Wings spread wide and necks drawn tall, two egrets square up to each other in a tense moment before the vicious birds attack.
The rare moment of calm did not last long as the birds bit at each other with their sharp, pointed beaks in mid-air.
The feisty egrets were engaged in a turf war over a fertile salt marsh in Murrells Inlet, South Carolina, USA.
But the deadly fight ended when one egret surrendered allowing the other to rule over the well-earned turf.
Despite this, the losing bird stubbornly refused to leave the area.
Phil Lanoue, 58, who lives mere metres from the salt marshes in Huntington Beach State Park, managed to capture the exciting altercation.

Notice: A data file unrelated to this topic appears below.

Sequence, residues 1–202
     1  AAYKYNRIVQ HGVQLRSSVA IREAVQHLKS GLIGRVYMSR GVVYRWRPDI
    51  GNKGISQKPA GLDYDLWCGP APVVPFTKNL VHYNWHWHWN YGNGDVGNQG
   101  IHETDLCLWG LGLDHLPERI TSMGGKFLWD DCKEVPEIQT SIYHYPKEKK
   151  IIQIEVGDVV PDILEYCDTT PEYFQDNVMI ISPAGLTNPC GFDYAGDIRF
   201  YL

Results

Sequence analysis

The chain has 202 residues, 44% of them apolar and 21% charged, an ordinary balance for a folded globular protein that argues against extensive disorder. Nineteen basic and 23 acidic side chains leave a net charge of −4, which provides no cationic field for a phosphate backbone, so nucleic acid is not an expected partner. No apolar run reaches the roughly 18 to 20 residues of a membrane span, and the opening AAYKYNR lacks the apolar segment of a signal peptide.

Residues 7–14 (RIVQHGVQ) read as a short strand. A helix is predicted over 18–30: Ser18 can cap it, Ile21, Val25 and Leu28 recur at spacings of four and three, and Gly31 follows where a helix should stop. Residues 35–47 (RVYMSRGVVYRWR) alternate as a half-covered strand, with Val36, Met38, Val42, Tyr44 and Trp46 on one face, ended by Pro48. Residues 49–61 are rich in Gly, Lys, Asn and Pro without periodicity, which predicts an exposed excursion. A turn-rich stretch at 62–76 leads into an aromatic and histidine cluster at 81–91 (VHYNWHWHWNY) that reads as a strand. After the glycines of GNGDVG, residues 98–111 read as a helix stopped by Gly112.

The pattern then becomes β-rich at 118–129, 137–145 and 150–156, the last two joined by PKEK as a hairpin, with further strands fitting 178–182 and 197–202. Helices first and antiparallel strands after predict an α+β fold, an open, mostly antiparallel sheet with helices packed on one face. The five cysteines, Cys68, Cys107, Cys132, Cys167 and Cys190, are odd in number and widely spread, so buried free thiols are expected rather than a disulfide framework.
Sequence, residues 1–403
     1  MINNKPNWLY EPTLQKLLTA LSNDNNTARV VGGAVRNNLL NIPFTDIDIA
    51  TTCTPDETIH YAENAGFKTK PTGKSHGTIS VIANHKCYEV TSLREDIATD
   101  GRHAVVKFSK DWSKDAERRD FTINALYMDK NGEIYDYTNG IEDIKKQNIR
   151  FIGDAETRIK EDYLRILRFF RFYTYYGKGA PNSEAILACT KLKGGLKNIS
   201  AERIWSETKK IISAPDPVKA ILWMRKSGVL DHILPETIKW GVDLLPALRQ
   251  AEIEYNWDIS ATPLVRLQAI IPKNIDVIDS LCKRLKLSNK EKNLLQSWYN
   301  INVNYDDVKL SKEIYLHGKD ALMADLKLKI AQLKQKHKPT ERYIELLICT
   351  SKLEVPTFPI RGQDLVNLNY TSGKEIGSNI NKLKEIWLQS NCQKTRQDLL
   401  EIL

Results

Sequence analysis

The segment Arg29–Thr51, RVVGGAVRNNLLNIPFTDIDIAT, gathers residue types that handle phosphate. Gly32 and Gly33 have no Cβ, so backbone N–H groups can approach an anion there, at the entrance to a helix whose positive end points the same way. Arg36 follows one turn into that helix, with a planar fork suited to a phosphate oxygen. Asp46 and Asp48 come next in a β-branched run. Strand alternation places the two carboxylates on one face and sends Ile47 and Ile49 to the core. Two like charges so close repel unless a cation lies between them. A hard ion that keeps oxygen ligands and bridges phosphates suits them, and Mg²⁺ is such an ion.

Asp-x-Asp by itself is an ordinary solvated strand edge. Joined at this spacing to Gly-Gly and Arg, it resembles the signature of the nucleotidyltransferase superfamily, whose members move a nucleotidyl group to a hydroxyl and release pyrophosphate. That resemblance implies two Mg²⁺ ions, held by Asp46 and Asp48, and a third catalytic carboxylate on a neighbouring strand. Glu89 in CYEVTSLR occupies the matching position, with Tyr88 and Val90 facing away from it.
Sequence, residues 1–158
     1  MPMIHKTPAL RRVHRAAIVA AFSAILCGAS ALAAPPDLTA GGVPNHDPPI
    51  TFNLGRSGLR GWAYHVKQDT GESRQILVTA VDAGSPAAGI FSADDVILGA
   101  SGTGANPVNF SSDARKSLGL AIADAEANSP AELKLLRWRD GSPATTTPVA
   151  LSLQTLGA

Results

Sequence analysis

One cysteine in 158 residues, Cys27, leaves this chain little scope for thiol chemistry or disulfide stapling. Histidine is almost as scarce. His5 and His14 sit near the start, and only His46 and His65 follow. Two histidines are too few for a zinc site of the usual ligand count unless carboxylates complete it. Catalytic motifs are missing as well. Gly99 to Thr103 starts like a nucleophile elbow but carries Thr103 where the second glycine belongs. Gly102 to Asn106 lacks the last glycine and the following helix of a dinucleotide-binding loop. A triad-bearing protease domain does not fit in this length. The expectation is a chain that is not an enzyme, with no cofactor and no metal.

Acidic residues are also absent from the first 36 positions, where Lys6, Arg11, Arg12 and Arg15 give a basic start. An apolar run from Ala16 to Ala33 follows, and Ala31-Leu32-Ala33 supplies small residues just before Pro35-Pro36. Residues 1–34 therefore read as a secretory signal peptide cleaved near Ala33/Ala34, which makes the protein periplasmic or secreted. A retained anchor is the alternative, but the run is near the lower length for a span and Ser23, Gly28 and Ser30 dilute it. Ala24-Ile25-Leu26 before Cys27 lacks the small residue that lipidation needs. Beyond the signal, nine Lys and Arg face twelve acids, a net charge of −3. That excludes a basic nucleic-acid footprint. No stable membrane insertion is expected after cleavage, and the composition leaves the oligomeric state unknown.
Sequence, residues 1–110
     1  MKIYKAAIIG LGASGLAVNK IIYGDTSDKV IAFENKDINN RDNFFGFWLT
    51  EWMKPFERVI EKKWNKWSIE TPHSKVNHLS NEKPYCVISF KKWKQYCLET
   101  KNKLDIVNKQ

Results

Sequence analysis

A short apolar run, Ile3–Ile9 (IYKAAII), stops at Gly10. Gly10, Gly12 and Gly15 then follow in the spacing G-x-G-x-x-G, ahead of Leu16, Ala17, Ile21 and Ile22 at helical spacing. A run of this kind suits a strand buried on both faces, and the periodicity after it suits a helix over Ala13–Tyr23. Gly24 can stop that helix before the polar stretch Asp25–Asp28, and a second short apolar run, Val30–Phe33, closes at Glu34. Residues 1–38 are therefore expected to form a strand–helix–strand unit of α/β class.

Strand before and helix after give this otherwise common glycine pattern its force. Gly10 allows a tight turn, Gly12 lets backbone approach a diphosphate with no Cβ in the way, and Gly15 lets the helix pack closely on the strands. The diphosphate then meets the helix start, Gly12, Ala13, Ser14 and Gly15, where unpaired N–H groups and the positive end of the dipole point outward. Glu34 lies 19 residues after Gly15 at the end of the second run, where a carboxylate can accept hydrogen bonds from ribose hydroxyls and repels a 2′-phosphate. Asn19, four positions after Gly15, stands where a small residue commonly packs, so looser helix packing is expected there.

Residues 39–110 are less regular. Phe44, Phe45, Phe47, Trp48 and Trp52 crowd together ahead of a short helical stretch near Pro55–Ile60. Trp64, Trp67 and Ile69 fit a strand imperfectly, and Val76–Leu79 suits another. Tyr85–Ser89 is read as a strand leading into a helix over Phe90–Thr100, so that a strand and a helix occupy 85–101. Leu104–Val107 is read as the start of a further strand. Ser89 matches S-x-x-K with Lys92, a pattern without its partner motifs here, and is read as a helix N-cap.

He said: "The birds seemed to be having an argument as to who should get the best fishing ground in the area.
"The row quickly escalated into an airborne display of egret supremacy.
"They got themselves into a bit of a territorial dispute over who gets to fish in that section of the marsh.
"It was as though they had decided the area wasn't big enough for the both of them.
"Although the initial winner seemed to be the one who grabbed the other egret in a firm beak lock, they both stayed in the general area and continued on with their day of fishing."